Durban - eThekwini Municipality has cracked the whip on water thieves, recovering over R6 million from those who use illegal connections, its human settlements and infrastructure committee heard on Tuesday.
According to a report presented to the committee, the revenue collected, based on prosecutions alone, stood at R6.2m as of July 25. The overall recovery in meter connection fees, total fines and prosecutions stood at R7m.
Since the beginning of the year, 39 people have been convicted for water theft and been slapped with hefty penalties of up to R10 000.
The report revealed that 131 charges had been laid against errant consumers while 85 had been served with summonses.
The crackdown on water thieves is part of the city’s campaign, started in 2010, to curb spiralling water losses that cost the city R513m last year. The loss was flagged in the auditor-general’s report and contributed to the municipality’s failure to achieve a clean audit.
The city has employed 60 water inspectors to check some 40 000 households that have illegal water connections.
The report showed that, since July, 2 750 people had taken up the city’s water amnesty offer, choosing to pay the R250 connection fee to regularise their service. This resulted in the city recouping R687 000 in meter connection fees, which was used to offset the cost of regularising the water connection.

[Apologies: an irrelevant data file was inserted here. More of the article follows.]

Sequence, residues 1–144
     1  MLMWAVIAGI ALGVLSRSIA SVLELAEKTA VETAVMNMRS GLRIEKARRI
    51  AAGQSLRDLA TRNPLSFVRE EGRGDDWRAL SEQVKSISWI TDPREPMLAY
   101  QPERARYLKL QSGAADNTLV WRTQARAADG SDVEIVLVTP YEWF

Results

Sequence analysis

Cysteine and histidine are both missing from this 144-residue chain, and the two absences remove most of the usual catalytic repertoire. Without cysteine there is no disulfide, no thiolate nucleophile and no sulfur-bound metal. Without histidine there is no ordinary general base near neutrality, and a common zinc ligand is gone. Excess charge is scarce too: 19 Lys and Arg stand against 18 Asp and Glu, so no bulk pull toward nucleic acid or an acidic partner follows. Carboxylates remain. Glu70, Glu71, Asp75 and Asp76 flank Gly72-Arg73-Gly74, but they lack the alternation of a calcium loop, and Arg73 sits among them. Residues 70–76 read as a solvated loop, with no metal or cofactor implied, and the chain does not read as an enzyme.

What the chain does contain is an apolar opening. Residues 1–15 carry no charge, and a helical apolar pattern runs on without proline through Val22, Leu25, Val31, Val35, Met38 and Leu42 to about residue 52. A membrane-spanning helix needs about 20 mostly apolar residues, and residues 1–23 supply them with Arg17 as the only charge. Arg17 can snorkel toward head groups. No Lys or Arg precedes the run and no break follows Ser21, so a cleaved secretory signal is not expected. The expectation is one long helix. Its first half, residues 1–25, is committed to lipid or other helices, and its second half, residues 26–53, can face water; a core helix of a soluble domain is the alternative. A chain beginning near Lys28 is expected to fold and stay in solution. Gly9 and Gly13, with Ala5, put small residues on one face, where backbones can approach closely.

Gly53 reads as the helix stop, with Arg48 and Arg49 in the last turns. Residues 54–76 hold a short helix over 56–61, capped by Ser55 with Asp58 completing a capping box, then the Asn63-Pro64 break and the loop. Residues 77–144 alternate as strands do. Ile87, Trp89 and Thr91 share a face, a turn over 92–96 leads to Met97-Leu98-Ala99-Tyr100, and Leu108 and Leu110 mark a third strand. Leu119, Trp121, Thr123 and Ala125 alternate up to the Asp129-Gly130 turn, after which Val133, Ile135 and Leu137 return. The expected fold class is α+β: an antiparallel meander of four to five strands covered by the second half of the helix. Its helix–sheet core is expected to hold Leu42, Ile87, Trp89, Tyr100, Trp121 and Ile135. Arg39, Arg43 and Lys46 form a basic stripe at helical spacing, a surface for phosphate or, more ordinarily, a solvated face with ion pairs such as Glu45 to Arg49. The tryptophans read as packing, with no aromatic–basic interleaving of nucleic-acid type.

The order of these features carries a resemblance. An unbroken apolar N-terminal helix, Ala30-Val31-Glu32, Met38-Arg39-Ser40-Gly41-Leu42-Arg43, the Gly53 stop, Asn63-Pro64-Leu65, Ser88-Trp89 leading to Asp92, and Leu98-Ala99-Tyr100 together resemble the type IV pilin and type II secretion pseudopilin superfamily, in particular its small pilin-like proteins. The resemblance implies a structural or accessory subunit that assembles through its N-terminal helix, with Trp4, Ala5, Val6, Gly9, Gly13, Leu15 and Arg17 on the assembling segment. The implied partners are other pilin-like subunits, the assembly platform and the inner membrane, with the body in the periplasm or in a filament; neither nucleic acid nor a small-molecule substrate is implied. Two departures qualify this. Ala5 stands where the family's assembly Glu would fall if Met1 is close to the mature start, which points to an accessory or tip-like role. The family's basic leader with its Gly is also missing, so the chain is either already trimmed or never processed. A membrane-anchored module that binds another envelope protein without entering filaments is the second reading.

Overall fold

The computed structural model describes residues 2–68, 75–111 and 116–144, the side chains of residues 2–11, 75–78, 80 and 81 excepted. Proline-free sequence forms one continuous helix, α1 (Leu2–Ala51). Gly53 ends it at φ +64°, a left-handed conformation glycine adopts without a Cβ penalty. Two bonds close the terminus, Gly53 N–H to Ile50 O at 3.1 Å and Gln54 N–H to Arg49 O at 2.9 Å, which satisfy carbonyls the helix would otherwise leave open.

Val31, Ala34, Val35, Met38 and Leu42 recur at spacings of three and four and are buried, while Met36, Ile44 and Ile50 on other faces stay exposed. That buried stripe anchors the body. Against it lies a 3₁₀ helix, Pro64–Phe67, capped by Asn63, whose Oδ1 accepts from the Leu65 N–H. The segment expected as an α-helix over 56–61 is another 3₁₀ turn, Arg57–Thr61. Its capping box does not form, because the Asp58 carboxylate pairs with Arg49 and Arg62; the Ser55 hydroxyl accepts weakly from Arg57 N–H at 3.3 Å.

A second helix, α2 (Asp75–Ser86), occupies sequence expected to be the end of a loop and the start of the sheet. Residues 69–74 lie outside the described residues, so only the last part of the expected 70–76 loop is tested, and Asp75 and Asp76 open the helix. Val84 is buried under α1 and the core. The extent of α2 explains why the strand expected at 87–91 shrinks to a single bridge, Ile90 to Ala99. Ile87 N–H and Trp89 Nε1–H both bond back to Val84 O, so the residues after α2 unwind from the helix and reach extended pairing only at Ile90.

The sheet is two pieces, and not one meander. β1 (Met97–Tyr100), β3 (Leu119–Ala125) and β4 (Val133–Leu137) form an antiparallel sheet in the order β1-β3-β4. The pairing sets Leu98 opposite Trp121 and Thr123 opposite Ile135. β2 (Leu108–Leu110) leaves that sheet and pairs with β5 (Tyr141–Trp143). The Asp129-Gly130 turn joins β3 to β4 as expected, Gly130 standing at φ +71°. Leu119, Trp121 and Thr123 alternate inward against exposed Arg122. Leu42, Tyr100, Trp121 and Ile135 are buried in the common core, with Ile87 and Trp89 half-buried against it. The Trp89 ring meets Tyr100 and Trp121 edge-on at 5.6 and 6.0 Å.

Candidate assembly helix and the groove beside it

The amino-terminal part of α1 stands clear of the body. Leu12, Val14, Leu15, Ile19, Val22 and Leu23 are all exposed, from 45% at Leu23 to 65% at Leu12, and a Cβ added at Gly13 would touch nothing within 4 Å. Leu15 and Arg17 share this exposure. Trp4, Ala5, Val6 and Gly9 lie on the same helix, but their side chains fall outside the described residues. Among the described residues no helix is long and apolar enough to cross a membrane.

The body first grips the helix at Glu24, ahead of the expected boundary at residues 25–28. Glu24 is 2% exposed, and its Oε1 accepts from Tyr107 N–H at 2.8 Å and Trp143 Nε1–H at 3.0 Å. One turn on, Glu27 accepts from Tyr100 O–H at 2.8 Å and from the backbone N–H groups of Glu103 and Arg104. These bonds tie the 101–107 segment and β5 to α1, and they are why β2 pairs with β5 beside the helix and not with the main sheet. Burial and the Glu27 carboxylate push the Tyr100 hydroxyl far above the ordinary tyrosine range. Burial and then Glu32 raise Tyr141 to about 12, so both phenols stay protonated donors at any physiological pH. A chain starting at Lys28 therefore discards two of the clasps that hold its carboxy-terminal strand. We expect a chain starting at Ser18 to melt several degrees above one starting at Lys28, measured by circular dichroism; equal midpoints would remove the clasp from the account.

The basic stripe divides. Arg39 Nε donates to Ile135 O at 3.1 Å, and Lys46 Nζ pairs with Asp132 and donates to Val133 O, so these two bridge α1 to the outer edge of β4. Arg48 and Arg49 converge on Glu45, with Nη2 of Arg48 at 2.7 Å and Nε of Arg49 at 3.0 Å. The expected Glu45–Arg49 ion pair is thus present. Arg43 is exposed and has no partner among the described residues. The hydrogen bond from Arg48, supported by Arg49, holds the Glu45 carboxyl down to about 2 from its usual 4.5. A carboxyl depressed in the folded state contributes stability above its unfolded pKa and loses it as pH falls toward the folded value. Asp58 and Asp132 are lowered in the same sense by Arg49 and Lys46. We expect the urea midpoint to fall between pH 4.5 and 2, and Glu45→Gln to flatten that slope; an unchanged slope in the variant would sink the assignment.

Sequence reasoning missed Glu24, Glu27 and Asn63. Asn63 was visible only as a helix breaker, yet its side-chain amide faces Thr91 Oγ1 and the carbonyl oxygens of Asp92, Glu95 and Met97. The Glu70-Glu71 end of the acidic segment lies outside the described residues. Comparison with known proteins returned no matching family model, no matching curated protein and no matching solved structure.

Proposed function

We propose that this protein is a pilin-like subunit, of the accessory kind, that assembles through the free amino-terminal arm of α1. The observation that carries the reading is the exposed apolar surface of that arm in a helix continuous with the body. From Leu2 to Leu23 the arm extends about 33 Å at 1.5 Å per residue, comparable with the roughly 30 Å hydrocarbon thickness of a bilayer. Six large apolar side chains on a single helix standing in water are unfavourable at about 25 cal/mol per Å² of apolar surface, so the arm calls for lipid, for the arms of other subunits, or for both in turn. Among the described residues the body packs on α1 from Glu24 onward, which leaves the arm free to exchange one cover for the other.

“The proliferation and profusion of illegal connections has engendered the city to intensify its efforts of identifying water leaks and illegal connections,” the report said.
“The customers are advised and encouraged to approach the eThekwini water and sanitation department before the water inspection teams reach them and find out that they have been connected illegally,” the report said.
Since 2012, 47 850 fines had been issued and 217 illegal connections regularised.
Lilian Develing, chairwoman of the Confederation of Mistbelt Ratepayers and Residents’ Association, said that while she welcomed the city’s initiative, more could be done.
“I don’t think the city has a true idea of exactly how many people have illegal connections,” she told the Daily News.
“Water is a human rights issue, but by the same token it is not for free. People have to pay, and that is reality.”
Develing said one of the problems the city had was that it could not keep up with the number of people coming into Durban, which was placing a strain on the city’s resources.
“All the people coming into the city need housing and are going to connect themselves to water supply. Our water losses will keep rising if this continues,” she said.
“There has to be the political will to solve the problem.”